British Lord dropped by Labour party over Obama bounty


Sudanese President Omar al-Beshir (R) receives British Muslim Lord Nazir Ahmed (L), who was in Khartoum to ask for the release of a British woman teacher jailed for 15 days for insulting religion, Dec. 3, 2007.



Nazir Ahmed, a British Lord of Pakistani origin, had been suspended by the UK Labour party for offering a 10 million pound ($15.8 million) "bounty" for the capture of United States president Barack Obama while visiting Pakistan.

He also offered the bounty for the capture of Obama's predecessor, President George W. Bush, according to Britain's Daily Telegraph.

Ahmed, 53, who became the first Muslim member of the House of Lords in 1998, was reported by Pakistan's daily Express Tribune to have made the comments in Haripur in Pakistan.

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According to the Jerusalem Post, his offer was a response to the US announced of a $10 million bounty for Hafiz Muhammed Saeed, founder of Lashkar-e-Taiba, the terrorist group blamed by India for attacks in Mumbai in 2008 that killed 166 people.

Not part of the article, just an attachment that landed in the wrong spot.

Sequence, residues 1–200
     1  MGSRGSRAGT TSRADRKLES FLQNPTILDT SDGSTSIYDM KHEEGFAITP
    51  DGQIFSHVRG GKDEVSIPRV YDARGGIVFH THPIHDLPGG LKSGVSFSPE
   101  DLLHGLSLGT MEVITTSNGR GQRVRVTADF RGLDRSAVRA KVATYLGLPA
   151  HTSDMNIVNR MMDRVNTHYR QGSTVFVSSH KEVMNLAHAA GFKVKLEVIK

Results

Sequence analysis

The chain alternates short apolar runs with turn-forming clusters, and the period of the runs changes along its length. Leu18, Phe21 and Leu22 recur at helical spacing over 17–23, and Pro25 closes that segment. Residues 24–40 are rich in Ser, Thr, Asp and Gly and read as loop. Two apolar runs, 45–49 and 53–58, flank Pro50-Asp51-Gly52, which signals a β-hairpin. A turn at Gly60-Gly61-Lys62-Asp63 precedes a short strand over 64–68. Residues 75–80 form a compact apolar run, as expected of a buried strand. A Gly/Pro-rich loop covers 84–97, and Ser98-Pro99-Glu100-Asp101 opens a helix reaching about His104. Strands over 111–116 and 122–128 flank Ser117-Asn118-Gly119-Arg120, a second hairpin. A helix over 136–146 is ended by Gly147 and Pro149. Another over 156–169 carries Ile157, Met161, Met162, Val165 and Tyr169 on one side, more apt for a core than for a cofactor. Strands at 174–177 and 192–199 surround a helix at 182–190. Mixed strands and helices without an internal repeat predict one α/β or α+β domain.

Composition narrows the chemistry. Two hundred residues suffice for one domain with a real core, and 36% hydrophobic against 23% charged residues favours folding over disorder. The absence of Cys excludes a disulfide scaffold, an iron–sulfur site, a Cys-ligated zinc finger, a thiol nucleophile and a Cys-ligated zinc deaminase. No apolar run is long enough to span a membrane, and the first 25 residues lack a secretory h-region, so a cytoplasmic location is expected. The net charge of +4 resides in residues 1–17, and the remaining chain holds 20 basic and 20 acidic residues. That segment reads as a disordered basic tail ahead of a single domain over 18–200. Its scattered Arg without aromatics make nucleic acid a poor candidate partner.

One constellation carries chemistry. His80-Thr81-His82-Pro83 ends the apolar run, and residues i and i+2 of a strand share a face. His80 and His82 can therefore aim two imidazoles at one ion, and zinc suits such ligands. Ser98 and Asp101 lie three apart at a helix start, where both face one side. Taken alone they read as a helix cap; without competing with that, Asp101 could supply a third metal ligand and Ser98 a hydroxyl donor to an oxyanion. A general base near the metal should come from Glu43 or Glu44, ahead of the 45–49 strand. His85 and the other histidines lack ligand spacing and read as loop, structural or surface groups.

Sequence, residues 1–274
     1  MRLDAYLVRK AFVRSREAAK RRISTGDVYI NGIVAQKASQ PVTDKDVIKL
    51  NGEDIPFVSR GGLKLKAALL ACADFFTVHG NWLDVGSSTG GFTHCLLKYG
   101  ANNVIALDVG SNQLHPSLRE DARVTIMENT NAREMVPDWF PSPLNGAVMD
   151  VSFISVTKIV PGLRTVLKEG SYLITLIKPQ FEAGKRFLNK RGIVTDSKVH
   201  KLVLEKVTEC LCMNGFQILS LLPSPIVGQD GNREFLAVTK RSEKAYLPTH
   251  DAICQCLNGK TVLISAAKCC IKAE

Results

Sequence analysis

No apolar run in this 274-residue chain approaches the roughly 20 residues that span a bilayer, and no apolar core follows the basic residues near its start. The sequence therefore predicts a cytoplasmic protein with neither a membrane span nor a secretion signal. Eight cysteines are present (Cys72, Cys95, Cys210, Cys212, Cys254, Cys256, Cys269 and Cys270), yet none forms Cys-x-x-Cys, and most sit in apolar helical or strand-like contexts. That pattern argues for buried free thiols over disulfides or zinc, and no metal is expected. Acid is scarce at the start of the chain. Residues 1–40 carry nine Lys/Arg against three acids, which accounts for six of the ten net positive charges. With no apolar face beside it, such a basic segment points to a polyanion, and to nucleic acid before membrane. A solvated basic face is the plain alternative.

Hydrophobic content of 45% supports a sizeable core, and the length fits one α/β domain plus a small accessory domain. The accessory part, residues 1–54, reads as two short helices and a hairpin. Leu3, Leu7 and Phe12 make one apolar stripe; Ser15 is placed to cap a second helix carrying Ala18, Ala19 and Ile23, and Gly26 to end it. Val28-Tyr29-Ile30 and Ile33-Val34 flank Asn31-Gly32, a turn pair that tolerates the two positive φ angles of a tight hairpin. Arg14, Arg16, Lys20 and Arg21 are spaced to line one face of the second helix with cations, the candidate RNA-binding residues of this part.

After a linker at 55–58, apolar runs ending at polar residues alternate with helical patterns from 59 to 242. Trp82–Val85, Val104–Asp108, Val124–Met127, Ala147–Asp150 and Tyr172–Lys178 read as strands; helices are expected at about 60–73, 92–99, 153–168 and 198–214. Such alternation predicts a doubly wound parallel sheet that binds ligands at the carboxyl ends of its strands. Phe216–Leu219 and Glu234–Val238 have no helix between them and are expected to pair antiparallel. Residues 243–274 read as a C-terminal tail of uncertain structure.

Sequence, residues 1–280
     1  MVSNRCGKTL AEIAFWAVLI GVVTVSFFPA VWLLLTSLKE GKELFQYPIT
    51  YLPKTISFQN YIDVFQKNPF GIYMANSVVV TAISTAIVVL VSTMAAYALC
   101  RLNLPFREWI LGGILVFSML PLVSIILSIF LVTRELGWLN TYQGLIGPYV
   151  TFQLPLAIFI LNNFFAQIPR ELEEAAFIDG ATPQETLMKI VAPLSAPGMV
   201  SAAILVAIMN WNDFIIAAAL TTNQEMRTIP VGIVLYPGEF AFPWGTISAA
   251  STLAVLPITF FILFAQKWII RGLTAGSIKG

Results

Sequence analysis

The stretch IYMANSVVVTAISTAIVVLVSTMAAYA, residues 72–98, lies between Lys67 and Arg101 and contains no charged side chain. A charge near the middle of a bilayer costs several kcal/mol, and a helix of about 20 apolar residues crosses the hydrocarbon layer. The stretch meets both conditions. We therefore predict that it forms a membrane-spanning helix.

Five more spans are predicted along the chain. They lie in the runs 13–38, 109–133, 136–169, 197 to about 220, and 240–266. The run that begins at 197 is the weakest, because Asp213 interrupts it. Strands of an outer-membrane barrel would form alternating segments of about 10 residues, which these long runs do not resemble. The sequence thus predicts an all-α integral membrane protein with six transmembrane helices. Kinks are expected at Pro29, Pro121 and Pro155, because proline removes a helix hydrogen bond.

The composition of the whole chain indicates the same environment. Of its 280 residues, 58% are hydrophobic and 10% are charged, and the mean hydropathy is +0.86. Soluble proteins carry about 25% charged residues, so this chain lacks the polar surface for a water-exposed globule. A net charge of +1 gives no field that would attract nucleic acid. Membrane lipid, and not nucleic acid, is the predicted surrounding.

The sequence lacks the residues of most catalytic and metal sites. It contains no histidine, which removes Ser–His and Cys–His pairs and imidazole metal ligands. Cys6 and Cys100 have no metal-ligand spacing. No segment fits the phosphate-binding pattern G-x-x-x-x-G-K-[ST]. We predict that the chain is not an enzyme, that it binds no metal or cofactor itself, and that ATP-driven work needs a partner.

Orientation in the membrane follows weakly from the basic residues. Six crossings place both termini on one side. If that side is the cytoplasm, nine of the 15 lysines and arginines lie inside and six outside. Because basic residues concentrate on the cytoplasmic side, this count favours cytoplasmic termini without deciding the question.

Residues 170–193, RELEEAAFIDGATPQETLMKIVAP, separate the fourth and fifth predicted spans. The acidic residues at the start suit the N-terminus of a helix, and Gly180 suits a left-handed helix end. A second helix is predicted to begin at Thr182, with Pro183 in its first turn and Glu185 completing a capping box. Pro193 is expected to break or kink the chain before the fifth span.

However, Ahmed has denied that he had announced a bounty, saying that all he had called for was the prosecution of former British Prime Minister Tony Blair and Bush for war crimes.

The Post cited Ahmed as saying: "If the US can announce a reward of $10 million for the capture of Hafiz Saeed, I can announce a bounty of 10 million pounds for the capture of President Obama and his predecessor, George W. Bush."

According to a separate Express Tribune article, a Labour party spokesperson said: "If these comments are accurate we utterly condemn these remarks which are totally unacceptable … The international community is rightly doing all in its power to seek justice for the victims of the Mumbai bombings and halt terrorism.

“We have suspended Lord Ahmed pending investigation,” she said.

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